ople was miserable and without comforts, lacking many things which we consider necessities. Yet even in those far-away days things were improving, because man has always felt the desire to make his lot better; and the constant effort of these people of the Middle Ages led to that beautiful awakening which we call the Renaissance.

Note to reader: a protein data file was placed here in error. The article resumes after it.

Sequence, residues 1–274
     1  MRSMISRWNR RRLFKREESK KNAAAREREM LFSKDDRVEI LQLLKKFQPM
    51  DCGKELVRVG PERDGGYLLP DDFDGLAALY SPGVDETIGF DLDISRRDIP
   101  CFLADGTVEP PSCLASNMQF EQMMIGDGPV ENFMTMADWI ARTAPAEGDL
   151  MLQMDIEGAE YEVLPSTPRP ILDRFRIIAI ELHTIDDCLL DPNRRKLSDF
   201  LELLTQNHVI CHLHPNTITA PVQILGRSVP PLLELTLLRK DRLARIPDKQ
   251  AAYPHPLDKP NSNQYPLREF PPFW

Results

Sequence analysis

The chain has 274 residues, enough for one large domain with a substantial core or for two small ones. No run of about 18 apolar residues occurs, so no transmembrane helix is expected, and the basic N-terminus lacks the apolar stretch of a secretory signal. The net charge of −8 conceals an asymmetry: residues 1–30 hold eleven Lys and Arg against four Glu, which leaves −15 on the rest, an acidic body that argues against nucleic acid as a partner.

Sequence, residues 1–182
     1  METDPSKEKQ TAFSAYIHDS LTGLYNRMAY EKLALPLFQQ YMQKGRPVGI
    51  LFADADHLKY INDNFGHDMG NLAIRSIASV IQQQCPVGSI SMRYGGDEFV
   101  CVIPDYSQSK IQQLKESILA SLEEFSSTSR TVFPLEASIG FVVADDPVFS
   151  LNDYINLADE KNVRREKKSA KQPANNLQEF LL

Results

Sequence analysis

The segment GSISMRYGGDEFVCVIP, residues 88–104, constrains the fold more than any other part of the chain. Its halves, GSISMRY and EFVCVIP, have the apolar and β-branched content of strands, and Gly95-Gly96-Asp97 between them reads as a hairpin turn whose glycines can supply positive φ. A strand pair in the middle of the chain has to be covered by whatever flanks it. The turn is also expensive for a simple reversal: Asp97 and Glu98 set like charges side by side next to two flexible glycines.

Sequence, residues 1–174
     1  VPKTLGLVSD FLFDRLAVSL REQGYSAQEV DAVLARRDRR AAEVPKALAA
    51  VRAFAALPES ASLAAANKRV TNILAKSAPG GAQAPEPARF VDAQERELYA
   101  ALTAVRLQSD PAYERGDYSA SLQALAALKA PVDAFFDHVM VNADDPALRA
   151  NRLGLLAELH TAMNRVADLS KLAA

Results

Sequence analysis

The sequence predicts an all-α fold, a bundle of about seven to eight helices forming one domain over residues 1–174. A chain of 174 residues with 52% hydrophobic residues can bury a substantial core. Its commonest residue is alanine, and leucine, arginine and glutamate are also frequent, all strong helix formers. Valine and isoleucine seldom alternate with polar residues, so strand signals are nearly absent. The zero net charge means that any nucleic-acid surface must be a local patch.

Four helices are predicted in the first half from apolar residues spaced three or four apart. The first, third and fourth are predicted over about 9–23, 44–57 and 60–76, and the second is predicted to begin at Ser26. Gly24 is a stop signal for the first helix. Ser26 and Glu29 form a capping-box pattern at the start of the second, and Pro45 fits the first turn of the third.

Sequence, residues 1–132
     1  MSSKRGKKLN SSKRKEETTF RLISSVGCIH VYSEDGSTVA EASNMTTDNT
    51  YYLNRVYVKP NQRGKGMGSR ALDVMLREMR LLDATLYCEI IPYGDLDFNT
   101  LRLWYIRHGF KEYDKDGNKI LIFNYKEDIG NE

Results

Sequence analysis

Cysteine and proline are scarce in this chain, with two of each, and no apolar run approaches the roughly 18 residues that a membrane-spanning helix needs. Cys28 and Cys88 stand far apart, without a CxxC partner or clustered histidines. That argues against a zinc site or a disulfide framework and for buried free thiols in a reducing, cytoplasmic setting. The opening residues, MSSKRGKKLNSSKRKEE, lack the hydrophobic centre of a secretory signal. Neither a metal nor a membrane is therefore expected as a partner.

One of the first glimmers of this new life may be said to have come from the Crusades. The Europeans who had journeyed down into Asia to drive the Mohammedans, or Saracens, out of the Holy Land, came back impressed with the fact that these infidel Asiatics had more refinement and courtesy than Christian Europe knew. The returning Crusaders introduced some of this refinement into their own countries, and it caused people to abandon some of their rude ways. Of course there were many more influences working toward the great awakening, principally the growth of commerce. All Europe became alive with the desire for progress; many new things were invented, many old ones perfected; a